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“In Book VIII of the Republic, Plato describes the state of the democratic city as a sate in which, instead of ruling, rulers have to obey, in which fathers obey their sons, and the elder imitate the younger, in which women and slaves are as ‘free’ as men and masters, and in which even the asses in the streets ‘hold on their way with the utmost freedom and dignity, bumping into everyone who meets them and do not step aside.’” (Ranciere, p. 49-50)

I personally find this state of “chaos” described by Plato to be a fairly accurate representation of democracy as it is often conceived of in America. Although it isn’t always accurate in practice, the idea of American democracy as allowing anyone to do whatever they like is very common. From people yelling “’Merica” while doing something stupid to declaring their right to free speech in situations where it isn’t necessarily applicable, many people see democracy as a free ticket to say or do anything.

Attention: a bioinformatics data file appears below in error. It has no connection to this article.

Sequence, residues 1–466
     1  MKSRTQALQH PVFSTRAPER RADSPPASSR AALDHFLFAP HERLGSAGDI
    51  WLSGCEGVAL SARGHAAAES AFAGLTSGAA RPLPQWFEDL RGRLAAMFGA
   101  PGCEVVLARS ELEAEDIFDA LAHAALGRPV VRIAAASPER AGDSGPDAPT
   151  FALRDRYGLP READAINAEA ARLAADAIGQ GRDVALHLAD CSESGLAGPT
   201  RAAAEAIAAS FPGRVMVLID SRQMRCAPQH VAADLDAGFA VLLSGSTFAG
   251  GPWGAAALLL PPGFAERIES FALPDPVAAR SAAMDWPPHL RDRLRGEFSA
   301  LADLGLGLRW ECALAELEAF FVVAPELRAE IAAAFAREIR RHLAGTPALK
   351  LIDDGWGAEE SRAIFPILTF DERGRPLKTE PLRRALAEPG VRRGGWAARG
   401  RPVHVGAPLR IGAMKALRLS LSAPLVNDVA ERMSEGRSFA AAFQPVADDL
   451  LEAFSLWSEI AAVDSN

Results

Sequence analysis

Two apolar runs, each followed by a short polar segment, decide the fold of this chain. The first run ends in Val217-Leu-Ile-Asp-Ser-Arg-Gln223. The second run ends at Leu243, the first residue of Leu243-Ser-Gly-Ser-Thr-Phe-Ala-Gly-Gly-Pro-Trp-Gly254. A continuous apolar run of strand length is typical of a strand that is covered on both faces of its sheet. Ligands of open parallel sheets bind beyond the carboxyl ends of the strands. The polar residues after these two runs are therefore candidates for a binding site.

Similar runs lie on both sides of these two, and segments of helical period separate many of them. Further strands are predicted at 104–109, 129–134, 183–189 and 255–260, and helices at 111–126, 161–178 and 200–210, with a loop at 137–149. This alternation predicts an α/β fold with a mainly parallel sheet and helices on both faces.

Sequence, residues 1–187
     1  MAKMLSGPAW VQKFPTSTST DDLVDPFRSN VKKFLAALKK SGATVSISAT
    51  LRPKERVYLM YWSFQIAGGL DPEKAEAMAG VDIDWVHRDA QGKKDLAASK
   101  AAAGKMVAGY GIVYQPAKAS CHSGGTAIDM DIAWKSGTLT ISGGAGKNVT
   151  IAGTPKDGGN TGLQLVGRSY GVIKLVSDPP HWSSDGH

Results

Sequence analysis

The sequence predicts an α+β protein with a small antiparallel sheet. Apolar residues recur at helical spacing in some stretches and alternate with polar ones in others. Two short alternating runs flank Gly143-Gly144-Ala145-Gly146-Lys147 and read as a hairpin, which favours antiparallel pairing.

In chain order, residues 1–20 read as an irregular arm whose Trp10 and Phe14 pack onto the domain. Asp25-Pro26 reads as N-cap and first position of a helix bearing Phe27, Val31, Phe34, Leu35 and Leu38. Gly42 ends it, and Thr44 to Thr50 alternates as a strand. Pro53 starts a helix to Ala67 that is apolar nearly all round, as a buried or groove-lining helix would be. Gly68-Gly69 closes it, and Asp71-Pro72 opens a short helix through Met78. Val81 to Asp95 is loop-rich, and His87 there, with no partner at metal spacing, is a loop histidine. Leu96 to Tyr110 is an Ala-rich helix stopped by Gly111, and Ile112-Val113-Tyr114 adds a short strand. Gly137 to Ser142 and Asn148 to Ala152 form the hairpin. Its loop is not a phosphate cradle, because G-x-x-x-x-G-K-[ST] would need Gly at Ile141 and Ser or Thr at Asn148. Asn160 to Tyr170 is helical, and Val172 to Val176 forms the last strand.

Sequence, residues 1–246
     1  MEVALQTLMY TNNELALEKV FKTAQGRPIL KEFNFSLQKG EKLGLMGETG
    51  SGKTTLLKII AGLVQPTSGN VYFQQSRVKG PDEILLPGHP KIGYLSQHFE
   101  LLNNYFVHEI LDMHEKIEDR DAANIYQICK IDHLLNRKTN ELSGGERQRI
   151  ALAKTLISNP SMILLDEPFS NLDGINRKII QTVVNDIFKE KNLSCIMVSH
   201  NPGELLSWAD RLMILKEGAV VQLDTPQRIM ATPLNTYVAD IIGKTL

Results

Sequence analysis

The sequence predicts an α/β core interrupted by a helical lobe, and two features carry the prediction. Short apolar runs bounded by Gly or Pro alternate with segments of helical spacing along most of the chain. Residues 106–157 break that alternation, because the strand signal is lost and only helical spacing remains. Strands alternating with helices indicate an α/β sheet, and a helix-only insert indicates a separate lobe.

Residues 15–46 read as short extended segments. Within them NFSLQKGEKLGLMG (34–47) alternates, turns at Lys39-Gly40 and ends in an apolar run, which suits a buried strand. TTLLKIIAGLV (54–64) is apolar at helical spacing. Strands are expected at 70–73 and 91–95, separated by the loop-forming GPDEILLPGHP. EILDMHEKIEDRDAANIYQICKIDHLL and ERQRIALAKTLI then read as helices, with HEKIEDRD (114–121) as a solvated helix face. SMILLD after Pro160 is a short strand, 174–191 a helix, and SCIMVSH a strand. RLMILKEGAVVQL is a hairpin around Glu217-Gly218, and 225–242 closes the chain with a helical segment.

The idea that “rulers have to obey” the people is also incredibly important in the common conception of America. This idea, articulated in “by the people, for the people,” typically makes a person think that the government will be fully responsive to the needs of the general population. Although this isn’t always the case with the American government, it is important to see that it is perceived as true.